Marriage: more binding and holy through Christ

But the Church, on the contrary, teaches that ‘marriage, honorable in all,’ (Heb 13:4) which God himself instituted in the very beginning of the world, and made indissoluble for the propagation and preservation of the human species, has become still more binding and more holy through Christ, who raised it to the dignity of a Sacrament, and chose to use it as the figure of His own union with the Church. (Leo XIII. Encyclical Quod apostolici muneris, no. 8, December 28, 1878)

Benedict XVI

Marriage has value as a natural institution and as a Sacrament

Your duty as Pastors consists in presenting in its full richness the extraordinary value of marriage, which as a natural institution is a ‘patrimony of humanity’. Moreover, its elevation to the loftiest dignity of a Sacrament must be seen with gratitude and wonder, as I recently said, affirming: ‘The Sacramental quality that marriage assumes in Christ therefore means that the gift of creation has been raised to the grace of redemption. Christ’s grace is not an external addition to human nature, it does not do violence to men and women but sets them free and restores them, precisely by raising them above their own limitations’ (Address to the Ecclesial Diocesan Convention of Rome, June 6, 2005; L’Osservatore Romano English edition, June 15, p. 6). (Benedict XVI. Address at a meeting on family and life issues in Latin America, no. 3, December 3, 2005)

Raised to the dignity of a Sacrament, marriage confers greater splendor and depth to the conjugal bond

In the Christian vision, moreover, marriage, which Christ raised to the most exalted dignity of a Sacrament, confers greater splendour and depth on the conjugal bond and more powerfully binds the spouses who, blessed by the Lord of the Covenant, promise each other faithfulness until death in love that is open to life. (Benedict XVI. Address to the participants in the plenary assembly of the Pontifical Council for the Family, May 13, 2006)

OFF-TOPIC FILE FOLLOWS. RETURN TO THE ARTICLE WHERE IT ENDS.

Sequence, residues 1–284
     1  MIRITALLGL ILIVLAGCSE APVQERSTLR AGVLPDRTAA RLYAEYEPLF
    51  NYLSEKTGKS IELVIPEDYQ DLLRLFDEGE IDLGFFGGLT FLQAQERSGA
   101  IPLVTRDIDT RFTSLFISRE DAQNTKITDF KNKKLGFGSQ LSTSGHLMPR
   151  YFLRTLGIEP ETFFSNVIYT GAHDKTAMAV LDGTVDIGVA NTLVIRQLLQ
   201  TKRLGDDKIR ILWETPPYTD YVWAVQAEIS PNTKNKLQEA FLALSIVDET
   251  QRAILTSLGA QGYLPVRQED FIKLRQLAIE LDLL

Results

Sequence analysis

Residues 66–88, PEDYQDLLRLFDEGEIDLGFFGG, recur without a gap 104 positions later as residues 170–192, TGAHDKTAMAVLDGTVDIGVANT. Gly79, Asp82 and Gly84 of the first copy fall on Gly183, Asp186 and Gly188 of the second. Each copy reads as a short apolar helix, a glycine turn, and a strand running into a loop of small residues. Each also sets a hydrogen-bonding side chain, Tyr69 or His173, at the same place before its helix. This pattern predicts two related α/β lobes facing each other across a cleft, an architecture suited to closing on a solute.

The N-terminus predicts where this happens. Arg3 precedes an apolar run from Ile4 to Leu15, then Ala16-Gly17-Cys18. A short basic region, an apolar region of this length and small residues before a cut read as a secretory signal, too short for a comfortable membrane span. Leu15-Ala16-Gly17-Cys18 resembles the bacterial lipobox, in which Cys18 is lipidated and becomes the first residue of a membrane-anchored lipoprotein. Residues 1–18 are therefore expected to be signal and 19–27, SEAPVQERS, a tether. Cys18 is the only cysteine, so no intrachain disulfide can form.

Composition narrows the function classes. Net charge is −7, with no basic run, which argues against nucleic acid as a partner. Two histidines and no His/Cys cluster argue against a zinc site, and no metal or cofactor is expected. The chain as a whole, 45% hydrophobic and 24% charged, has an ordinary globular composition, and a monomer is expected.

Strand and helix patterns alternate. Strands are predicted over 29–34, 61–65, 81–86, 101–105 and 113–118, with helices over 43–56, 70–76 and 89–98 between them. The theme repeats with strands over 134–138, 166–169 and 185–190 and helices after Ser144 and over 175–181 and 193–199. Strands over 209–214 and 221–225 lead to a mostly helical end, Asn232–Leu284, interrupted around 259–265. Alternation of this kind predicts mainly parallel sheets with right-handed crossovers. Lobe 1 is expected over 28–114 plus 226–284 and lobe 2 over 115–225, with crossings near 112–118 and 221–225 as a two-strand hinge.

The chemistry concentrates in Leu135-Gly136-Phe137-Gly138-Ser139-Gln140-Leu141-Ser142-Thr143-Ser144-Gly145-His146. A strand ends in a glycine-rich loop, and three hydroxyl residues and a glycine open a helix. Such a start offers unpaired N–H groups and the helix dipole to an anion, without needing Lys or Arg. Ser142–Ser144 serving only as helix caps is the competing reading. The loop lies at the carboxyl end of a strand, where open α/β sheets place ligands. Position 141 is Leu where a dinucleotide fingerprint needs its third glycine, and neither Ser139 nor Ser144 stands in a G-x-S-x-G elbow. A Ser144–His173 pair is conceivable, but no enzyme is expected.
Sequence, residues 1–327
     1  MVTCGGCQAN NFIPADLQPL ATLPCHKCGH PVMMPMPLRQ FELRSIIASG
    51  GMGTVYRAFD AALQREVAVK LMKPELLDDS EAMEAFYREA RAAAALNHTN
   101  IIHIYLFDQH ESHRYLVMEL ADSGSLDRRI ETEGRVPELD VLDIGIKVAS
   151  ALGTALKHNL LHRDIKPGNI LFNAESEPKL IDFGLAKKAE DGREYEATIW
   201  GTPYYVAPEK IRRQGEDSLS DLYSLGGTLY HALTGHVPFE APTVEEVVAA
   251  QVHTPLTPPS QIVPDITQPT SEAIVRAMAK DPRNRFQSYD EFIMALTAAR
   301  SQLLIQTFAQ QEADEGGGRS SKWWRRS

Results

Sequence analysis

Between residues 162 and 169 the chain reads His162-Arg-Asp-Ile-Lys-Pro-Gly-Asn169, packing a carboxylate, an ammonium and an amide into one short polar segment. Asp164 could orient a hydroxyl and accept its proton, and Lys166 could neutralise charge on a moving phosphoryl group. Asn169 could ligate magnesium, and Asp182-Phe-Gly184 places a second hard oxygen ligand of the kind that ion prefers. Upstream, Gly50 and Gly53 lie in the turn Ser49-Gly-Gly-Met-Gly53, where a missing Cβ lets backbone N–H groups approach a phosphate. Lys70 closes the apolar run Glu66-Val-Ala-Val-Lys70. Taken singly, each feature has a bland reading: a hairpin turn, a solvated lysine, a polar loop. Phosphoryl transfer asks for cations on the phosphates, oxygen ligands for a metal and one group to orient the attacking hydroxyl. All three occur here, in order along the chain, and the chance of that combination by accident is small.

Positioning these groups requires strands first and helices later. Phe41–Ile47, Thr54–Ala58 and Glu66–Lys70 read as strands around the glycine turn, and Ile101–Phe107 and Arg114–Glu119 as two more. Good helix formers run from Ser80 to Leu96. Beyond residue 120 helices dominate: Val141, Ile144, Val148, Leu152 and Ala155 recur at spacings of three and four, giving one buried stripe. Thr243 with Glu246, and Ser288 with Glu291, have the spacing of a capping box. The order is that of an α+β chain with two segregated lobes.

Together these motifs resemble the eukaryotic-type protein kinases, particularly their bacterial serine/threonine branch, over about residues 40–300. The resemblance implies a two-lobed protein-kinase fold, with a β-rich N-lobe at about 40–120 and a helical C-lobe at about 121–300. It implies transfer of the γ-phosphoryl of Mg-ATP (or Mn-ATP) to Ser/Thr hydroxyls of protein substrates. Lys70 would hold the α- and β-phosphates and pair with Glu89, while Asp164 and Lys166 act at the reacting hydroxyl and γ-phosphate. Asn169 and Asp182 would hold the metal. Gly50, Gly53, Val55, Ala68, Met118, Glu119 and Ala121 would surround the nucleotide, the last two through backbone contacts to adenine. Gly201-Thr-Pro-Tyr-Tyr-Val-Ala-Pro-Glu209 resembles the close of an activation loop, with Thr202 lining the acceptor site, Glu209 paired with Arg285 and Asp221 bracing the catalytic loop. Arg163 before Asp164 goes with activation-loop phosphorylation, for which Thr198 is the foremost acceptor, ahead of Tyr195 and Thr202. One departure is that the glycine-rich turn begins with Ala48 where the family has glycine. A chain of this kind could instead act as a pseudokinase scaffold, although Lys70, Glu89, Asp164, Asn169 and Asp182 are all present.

The Lord is the centre and heart of the family

For them, the Lord is the centre and heart of the family. He accompanies them in their union and sustains them in their mission to raise children to maturity. In this way the Christian family not only cooperates with God in generating natural life, but also in cultivating the seeds of divine life given in Baptism. These are the well-known principles of the Christian view of marriage and the family. I recalled them once again last Thursday, when I spoke to the members of the John Paul II Institute for Studies on Marriage and the Family. (Benedict XVI. Address to the participants in the plenary assembly of the Pontifical Council for the Family, May 13, 2006)

John Paul II

Christian couples are called to participate in the irrevocable indissolubility that binds Christ to the Church

Christ renews the first plan that the Creator inscribed in the hearts of man and woman, and in the celebration of the Sacrament of matrimony offers a ‘new heart’: thus the couples are not only able to overcome ‘hardness of heart,’ but also and above all they are able to share the full and definitive love of Christ, the new and eternal Covenant made flesh. Just as the Lord Jesus is the ‘faithful witness’ (Rev 3:12), the ‘yes’ of the promises of God and thus the supreme realization of the unconditional faithfulness with which God loves His people, so Christian couples are called to participate truly in the irrevocable indissolubility that binds Christ to the Church His bride, loved by Him to the end. The gift of the Sacrament is at the same time a vocation and commandment for the Christian spouses, that they may remain faithful to each other forever, beyond every trial and difficulty, in generous obedience to the holy will of the Lord: ‘What therefore God has joined together, let not man put asunder’ (Mt 19:6). (John Paul II. Apostolic exhortation Familiaris consortio, no. 20, November 22, 1981)

Saint Thomas Aquinas